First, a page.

Wednesday, January 30, 2008
I was told that to clean an old letterpress, you need fine-grade steel wool, drill bits of various sizes, a bristle brush, 3-in-1, WD-40, kerosene, 30-weight oil and old rags.
I've discovered the other things you need: a whole lot of time, and a Dad.
I took a good stab at the first stages, although getting around the machine can be a bit tricky now I'm most of the way through my second trimester.
First I brushed at least a decade's worth of dirt and grit off the machine with a pan brush. Then I did it again. It was particularly stubborn dirt because it was "glued" in place with all the oil that's required to run the press and keep it from rusting.
Next: the air compressor. When Nathan and his dad bought that noisy monster I thought there was no way I'd ever need it. I was wrong. It's fabulous for blasting dirt and grime out of places that can't be reached with a brush. I went over the press a couple of times with that and was pretty pleased.
Then I started hunting out the oil holes. Letterpresses have more oil holes than you can poke a stick at, and before you can run one that's been idle for a while, you have to find all the holes (many of which are in mysterious and inaccessible places), clean them out with a drill bit and a Q-tip, and then put in a couple of drops of 3-in-1. It's a long process.
I was partway through the oil-hole mission when Mum and Dad arrived from Australia. If I'd known what a letterpress-restoring powerhouse my Dad could be, I might've been tempted to let him handle the whole job.
Actually, he did. We made a couple of runs to Home Depot and Lowes to get extra supplies Dad knew we'd need, and then he went to work.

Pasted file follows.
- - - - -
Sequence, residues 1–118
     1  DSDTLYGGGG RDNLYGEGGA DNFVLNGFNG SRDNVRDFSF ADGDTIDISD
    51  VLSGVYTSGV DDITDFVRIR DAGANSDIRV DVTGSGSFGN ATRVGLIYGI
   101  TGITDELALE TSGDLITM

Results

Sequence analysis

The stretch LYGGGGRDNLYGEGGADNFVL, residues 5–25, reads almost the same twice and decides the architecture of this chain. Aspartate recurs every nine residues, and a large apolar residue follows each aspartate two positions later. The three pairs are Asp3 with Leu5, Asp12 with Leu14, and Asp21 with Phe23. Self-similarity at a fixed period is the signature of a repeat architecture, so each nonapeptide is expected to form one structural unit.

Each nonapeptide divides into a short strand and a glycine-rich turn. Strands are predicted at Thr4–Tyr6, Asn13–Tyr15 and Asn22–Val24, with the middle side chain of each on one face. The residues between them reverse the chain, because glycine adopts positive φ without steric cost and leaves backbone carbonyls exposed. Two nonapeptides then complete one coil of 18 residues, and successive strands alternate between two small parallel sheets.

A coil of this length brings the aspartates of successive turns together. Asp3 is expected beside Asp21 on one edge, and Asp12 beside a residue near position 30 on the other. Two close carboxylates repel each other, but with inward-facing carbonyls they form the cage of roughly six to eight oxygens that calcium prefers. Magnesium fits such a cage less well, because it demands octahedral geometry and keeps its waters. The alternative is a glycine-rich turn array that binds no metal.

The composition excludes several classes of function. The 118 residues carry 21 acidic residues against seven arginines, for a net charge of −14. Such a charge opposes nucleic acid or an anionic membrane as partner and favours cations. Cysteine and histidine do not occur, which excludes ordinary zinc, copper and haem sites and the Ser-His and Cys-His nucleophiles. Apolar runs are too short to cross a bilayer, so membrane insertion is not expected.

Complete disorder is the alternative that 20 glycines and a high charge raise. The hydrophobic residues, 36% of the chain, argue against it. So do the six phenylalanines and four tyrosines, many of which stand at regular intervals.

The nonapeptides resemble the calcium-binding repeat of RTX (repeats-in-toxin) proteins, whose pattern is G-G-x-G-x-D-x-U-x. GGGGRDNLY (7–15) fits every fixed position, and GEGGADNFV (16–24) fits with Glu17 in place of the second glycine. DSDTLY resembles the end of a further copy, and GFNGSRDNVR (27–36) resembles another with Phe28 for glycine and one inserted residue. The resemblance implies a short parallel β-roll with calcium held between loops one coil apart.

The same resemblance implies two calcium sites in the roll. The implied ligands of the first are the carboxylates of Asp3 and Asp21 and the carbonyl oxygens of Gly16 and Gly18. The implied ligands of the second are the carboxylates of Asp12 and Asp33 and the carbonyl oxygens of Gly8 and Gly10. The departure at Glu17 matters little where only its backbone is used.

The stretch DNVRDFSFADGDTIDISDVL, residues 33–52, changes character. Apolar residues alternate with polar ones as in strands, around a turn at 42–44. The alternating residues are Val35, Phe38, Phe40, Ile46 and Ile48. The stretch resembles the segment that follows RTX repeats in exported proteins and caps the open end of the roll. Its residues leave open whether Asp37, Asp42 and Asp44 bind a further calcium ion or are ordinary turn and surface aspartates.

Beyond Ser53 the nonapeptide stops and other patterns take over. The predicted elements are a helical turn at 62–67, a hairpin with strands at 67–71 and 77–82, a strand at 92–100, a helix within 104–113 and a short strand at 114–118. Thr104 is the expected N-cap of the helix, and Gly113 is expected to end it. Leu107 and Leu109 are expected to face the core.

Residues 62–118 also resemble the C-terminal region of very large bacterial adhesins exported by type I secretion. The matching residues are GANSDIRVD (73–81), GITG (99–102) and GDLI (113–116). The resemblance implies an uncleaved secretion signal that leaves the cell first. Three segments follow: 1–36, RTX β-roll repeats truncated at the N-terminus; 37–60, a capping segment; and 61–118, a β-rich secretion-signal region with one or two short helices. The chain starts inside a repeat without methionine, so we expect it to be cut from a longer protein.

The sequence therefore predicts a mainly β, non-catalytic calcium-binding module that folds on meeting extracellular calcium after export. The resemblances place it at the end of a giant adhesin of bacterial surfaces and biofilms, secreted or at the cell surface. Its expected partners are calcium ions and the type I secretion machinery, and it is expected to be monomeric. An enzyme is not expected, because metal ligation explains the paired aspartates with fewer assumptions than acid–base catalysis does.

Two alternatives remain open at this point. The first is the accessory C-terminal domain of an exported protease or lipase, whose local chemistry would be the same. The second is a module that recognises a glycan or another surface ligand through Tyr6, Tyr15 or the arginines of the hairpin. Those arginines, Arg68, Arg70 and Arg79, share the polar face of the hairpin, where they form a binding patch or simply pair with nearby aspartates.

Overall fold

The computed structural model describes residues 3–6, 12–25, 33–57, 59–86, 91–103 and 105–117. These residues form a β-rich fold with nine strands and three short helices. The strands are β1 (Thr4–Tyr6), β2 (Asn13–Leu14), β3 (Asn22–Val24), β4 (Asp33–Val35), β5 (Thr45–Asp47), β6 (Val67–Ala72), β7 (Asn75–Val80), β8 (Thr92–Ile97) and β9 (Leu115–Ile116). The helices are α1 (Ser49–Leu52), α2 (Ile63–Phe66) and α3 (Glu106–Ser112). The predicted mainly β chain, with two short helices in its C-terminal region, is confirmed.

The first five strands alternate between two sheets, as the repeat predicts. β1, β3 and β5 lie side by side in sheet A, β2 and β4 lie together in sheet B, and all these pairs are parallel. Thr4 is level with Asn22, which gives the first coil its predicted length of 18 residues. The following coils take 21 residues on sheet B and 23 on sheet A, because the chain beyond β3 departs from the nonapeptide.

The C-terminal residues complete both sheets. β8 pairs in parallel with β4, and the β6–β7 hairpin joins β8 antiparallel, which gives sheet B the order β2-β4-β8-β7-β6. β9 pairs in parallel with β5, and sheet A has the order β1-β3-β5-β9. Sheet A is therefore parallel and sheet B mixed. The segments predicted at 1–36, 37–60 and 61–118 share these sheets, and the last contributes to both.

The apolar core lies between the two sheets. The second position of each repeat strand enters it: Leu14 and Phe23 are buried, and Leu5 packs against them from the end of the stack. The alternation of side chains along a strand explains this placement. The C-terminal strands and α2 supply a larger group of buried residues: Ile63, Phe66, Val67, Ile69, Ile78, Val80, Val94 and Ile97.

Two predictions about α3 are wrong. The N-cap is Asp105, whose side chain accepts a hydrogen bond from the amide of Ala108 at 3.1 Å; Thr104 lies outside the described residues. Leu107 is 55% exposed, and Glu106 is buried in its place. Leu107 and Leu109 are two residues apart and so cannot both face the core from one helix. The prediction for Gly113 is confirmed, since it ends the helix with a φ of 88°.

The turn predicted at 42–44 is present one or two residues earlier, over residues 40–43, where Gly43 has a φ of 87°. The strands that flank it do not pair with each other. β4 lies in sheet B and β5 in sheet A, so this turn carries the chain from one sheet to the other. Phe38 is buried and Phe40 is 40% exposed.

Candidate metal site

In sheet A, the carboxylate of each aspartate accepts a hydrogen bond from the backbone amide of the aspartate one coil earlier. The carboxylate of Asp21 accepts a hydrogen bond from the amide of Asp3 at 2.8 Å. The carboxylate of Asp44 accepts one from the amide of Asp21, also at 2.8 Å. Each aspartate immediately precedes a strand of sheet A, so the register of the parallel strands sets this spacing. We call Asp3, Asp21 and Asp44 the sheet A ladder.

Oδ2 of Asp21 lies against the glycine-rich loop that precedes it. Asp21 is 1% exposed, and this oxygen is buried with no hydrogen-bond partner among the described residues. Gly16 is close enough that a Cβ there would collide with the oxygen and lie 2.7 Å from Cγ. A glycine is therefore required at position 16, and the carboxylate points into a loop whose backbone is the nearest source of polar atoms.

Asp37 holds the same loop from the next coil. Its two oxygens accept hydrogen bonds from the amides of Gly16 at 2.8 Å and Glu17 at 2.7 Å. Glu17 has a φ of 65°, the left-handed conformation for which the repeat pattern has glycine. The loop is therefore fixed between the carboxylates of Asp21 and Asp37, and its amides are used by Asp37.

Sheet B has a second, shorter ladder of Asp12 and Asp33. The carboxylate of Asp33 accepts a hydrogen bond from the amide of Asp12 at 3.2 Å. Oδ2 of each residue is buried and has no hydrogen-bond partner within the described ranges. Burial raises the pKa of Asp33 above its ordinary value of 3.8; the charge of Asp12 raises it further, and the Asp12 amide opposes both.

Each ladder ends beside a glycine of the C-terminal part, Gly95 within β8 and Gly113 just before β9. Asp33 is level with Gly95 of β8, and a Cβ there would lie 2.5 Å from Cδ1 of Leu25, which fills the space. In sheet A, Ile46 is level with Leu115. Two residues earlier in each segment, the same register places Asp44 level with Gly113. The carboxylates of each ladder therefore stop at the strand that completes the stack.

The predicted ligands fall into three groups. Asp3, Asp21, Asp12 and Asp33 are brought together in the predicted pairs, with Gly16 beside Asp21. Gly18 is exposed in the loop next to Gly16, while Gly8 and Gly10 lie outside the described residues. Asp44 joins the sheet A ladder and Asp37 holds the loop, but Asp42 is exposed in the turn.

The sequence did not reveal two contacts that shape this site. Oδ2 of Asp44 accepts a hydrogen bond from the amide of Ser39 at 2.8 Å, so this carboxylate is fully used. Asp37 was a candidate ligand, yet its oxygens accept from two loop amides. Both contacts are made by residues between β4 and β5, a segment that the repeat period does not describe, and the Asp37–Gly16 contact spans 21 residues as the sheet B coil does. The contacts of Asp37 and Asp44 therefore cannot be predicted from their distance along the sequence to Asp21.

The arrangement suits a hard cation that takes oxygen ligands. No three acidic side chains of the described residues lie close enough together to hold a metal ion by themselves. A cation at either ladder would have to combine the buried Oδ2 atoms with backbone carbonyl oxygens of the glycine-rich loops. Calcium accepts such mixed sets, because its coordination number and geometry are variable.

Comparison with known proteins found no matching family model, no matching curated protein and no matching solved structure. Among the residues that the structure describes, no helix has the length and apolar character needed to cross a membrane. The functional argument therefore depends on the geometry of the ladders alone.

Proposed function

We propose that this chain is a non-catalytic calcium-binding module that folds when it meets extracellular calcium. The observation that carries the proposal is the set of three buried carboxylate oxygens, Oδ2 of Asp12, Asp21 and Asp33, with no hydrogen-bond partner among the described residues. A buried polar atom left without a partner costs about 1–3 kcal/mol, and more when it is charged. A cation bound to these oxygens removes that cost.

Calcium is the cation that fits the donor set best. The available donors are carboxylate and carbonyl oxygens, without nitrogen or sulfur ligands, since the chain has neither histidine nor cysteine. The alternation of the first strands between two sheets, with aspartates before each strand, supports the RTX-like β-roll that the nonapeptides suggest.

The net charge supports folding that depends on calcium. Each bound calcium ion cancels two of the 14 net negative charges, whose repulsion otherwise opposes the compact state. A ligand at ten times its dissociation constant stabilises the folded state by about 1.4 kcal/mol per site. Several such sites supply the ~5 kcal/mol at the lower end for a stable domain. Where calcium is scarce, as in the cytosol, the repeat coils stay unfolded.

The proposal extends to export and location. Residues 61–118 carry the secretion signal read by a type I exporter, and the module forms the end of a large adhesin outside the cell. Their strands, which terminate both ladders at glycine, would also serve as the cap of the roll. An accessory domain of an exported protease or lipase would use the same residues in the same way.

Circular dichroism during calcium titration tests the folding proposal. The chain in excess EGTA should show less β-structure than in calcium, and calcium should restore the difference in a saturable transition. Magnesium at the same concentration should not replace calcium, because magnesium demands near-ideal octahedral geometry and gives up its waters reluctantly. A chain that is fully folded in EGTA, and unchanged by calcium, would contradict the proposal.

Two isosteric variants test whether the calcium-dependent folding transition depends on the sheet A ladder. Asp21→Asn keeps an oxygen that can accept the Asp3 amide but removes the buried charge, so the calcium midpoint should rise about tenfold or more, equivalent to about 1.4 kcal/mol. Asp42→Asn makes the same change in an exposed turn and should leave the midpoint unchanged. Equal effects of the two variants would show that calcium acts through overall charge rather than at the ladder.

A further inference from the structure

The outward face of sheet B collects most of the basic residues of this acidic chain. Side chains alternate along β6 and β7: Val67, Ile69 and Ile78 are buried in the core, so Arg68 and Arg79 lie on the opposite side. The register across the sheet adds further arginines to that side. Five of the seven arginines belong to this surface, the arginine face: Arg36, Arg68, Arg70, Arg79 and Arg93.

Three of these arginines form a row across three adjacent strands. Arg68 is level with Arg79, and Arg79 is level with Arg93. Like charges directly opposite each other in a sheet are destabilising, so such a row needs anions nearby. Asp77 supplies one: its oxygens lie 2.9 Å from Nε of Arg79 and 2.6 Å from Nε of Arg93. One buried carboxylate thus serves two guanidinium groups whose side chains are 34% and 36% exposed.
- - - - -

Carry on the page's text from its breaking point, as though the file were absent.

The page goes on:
I wouldn't let just anyone take a stab at fixing the letterpress. It's more than a century old, huge, heavy and dangerous – and despite its bulk it can be ruined. But Dad's spent the best part of his life restoring vintage cars to their former glory. He really knows his way around expensive and complicated old machines.
Well, Dad took over the letterpress corner and was basically unstoppable. One day when I have more time and memory-power, I'll try to make a list of the countless things he did. For now, I'll just go with the old picture's-worth- a-thousand-words... when Dad arrived, the letterpress looked like that (see picture above). Even before he was finished with it, it looked like this (below).
And it worked.
Monday, January 7, 2008
Usually when I tell someone I've bought a letterpress they'll say, "Awesome!" and then, "...what is a letterpress, exactly?"
If you click here, you'll see the mini-documentary on letterpress that still gives me chills. The first 10 seconds tipped me from "I'd like to have a letterpress" to "I must have a letterpress or I'll surely die".
The documentary is type-focused and doesn't show the actual machine that I own (a Chandler & Price Old Style), but it's wonderful, and fascinating, and well worth watching. I promise there are no diagrams.
Right. I'm off to clean more "historical grime" off my press.
Sunday, January 6, 2008
It wasn't as hair-raising this time.
On New Year's Day, Nathan suddenly decided it was time to get my century-old Chandler & Price Old Style platen press out of storage, where it's been snoozing in climate-controlled comfort since our move from Seattle, and into our garage.
He called a few tow-truck/wrecker companies before he found a guy willing to tackle the job. We learned from bitter (and terrifying) experience that you need a forklift or a tow truck to get this monster from one level to another. We've also learned not to tackle it alone.
This time Nathan and John-the-tow-truck-guy used a pallet jack to get it on the back of the truck and used ratchet straps to tie it ten ways to the bed. Then we held our breath all the way from D'Iberville to our house, with Nathan saying helpful things like "It's gonna come off this corner for sure" and "There it goes".
At home, they strapped the press base to the pallet jack, raised the bed and used the winch to inch the press down to the garage. I was holding my breath, but not having conniptions like last time.
It's now safe and sound in my soon-to-be letterpress workshop in the back half of our garage, ready for its grand makeover. There's a lot of work ahead involving drill bits, oil holes, 3-in-1, fine-grade steel wool and WD-40, and no doubt some silent swearing.
It'll be worth it though. I've dreamed of this forever.